by Blaise Kilgallen, historical (2006)
Liquid Silver Books, $6.20, ISBN 1-59578-227-3
In Blaise Kilgallen's Regency historical The Reluctant Duke, our hero Antonio Thorndyke becomes the new Duke of Weston and gets all the goodies that come with the title after the late Duke of Weston willed everything to him. Is this method of passing on a title historically accurate? I don't know and it doesn't affect the storyline in my opinion, but readers touchy about accuracy may want to take note if Ms Kilgallen is committing a boo-boo here.
Antonio is half-Spanish and his family reside in Spain. When Antonio is made the new Duke, his neighbor and friend Hal Newton (they went to Eton together) decides that it is to his own advantage to introduce Antonio around. Hal therefore decides to throw a supper and invite Antonio along. Hal's sister Caroline however is not to keen on seeing the man who gave her funny feelings when she was a teenage girl and Antonio was her crush. Meanwhile, Antonio in the tradition of Regency era heroes is not happy that he has to marry and pop out an heir, blah blah he wants to be free blah blah blah, but when he sees Caroline he realizes predictably that she's now a hot woman that sets off his fire alarms.
The Reluctant Duke is best off retitled The Reluctant Heroine, if you ask me. I don't know if Antonio is really that obtuse, but he seduces Caroline hoping to get rid of his randy feelings for her and thinking arrogantly that she'll welcome him since her late husband wasn't exactly a firecracker in bed, and then doesn't understand what the problem is when he decides that she's better off as his mistress and she starts reading the Proper Regency Heroine Riot Act on him. She, on the other hand, is that kind of silly woman who can't fight temptation and then gets angry when she gets seduced and realizes that he's only viewing her as mistress material.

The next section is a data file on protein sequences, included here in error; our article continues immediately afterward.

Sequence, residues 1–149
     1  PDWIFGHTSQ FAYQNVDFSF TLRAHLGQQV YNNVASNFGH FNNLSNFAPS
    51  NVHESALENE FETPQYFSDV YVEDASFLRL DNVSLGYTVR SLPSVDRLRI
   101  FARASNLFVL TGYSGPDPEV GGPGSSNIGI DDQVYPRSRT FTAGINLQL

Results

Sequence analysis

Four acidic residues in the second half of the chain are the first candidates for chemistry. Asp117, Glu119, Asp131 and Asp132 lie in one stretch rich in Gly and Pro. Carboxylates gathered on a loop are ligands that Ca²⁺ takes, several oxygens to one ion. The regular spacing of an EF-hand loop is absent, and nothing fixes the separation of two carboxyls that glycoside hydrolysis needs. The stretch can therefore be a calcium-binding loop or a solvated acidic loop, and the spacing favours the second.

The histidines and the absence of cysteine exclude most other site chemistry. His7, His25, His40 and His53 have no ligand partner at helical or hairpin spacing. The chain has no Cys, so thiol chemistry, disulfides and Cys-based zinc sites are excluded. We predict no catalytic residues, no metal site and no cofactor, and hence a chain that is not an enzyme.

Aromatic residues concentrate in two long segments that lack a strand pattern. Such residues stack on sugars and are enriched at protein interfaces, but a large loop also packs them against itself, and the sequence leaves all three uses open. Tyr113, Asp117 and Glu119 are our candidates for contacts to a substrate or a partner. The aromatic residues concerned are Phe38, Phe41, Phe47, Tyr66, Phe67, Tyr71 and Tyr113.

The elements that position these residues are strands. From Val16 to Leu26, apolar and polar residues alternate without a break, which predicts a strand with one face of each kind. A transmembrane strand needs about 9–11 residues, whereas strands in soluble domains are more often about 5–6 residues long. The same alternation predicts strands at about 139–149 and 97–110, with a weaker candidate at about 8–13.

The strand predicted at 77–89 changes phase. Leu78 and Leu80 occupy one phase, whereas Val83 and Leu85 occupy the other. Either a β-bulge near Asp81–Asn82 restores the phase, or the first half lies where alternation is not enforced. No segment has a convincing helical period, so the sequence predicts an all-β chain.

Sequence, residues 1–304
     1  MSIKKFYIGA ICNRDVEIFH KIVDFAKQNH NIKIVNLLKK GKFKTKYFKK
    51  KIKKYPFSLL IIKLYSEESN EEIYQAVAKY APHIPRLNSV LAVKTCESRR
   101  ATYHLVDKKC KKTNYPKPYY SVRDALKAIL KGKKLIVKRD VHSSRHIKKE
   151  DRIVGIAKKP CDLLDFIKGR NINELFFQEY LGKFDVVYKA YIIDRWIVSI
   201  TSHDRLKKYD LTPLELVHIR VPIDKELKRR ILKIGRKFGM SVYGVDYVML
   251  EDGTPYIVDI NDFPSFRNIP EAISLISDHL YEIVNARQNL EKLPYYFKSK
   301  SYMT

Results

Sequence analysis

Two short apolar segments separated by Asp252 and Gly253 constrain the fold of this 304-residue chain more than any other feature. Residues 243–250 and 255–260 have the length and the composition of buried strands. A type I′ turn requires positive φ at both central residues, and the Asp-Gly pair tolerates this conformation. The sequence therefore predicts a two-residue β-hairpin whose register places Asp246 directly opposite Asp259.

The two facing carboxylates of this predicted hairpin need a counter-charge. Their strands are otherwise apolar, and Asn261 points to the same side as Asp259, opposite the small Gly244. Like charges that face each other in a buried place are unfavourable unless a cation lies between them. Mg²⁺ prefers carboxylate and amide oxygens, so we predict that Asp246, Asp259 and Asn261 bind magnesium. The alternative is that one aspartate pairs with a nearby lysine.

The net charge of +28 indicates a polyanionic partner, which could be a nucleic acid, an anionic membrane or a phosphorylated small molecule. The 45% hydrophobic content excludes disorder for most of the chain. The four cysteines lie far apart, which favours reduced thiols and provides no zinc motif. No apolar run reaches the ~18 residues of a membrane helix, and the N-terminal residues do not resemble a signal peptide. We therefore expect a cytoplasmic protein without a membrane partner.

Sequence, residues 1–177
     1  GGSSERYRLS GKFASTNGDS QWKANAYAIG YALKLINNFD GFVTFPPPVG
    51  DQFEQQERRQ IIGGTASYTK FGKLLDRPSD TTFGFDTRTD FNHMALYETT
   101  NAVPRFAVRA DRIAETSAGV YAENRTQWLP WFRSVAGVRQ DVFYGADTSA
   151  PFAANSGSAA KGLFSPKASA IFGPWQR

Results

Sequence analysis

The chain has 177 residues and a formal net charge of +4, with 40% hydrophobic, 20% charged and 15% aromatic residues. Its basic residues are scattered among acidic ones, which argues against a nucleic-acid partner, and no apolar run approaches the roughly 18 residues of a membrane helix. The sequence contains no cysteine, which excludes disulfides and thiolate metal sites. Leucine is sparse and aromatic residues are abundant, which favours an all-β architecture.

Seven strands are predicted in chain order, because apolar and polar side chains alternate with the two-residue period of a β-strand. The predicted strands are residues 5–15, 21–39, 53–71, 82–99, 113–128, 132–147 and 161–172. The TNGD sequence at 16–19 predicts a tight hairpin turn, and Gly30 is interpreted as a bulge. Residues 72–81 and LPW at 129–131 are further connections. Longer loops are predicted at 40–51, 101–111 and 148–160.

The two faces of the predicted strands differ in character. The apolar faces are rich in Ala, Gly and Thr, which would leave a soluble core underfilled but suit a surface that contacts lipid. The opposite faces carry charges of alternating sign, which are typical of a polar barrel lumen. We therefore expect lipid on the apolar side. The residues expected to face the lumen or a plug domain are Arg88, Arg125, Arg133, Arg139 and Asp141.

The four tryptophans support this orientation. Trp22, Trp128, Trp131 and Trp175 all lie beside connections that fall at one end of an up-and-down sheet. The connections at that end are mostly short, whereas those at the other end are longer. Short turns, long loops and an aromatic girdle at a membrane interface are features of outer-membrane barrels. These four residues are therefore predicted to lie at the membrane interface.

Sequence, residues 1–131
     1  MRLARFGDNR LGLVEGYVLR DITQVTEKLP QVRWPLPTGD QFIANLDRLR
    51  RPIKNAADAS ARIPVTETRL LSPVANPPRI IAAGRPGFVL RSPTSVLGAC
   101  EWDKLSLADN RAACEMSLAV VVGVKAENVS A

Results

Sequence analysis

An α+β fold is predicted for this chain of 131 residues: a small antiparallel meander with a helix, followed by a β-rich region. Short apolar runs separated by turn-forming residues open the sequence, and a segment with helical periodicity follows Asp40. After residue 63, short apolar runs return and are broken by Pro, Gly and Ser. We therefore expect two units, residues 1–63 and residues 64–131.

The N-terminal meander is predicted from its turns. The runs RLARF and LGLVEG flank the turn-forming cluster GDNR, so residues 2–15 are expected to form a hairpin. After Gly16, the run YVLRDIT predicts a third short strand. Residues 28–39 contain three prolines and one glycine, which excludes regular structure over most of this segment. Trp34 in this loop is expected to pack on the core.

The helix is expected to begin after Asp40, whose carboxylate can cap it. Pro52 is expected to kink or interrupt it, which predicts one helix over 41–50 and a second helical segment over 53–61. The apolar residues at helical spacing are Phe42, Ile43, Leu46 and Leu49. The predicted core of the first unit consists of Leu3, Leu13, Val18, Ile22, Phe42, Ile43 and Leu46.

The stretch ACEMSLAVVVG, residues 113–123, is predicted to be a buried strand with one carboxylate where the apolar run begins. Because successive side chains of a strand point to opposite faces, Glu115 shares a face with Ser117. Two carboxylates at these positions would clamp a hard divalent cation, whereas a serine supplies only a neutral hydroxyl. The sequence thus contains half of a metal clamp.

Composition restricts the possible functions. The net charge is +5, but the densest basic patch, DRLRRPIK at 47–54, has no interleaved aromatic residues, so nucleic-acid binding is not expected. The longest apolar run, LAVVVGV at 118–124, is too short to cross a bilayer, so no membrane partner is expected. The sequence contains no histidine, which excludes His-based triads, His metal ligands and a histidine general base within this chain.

Later, she will get randy just thinking about the shag while he alternates between feeling guilt for pushing himself on her and frustration because he can't get her out of his mind and he doesn't want to get married. It is only when he's drunk himself into a stupor that he decides that he doesn't mind marrying her. Common sense will tell you that it's probably not a good idea to do something that only looks good when you're completely foxed but I'm sure you can tell by now that Antonio isn't exactly on intimate terms with common sense. Caroline with seethe with jealousy as he makes his rounds with his mistresses and finally throws herself at him. He then proposes and I'm sure you can guess what her response will be.
And then the story turns into a seafaring one and I feel as if I've somehow jumped from one story into a very different story altogether. The two halves of the story don't come together cohesively and The Reluctant Duke comes off like two halves of two very different stories that end up in the same book by mistake. It's like watching a Looney Tunes cartoon that somehow morphs into a soap opera or something like that. I feel disorientated by the abrupt swift in setting and story direction.
Nonetheless, for the most part, The Reluctant Duke is more about the main characters behaving in far from sensible ways. Caroline, especially, boggles my mind. Why would Caroline sleep with Antonio and then worry that he won't be faithful to her? Shouldn't it be the other way around, worry first and then not sleep with him? This story has the characters behave in ways that seem designed to create conflict. Perhaps their behavior would make sense if the author has done a better job at letting me into her characters' heads, but I'm afraid she doesn't quite succeed there.
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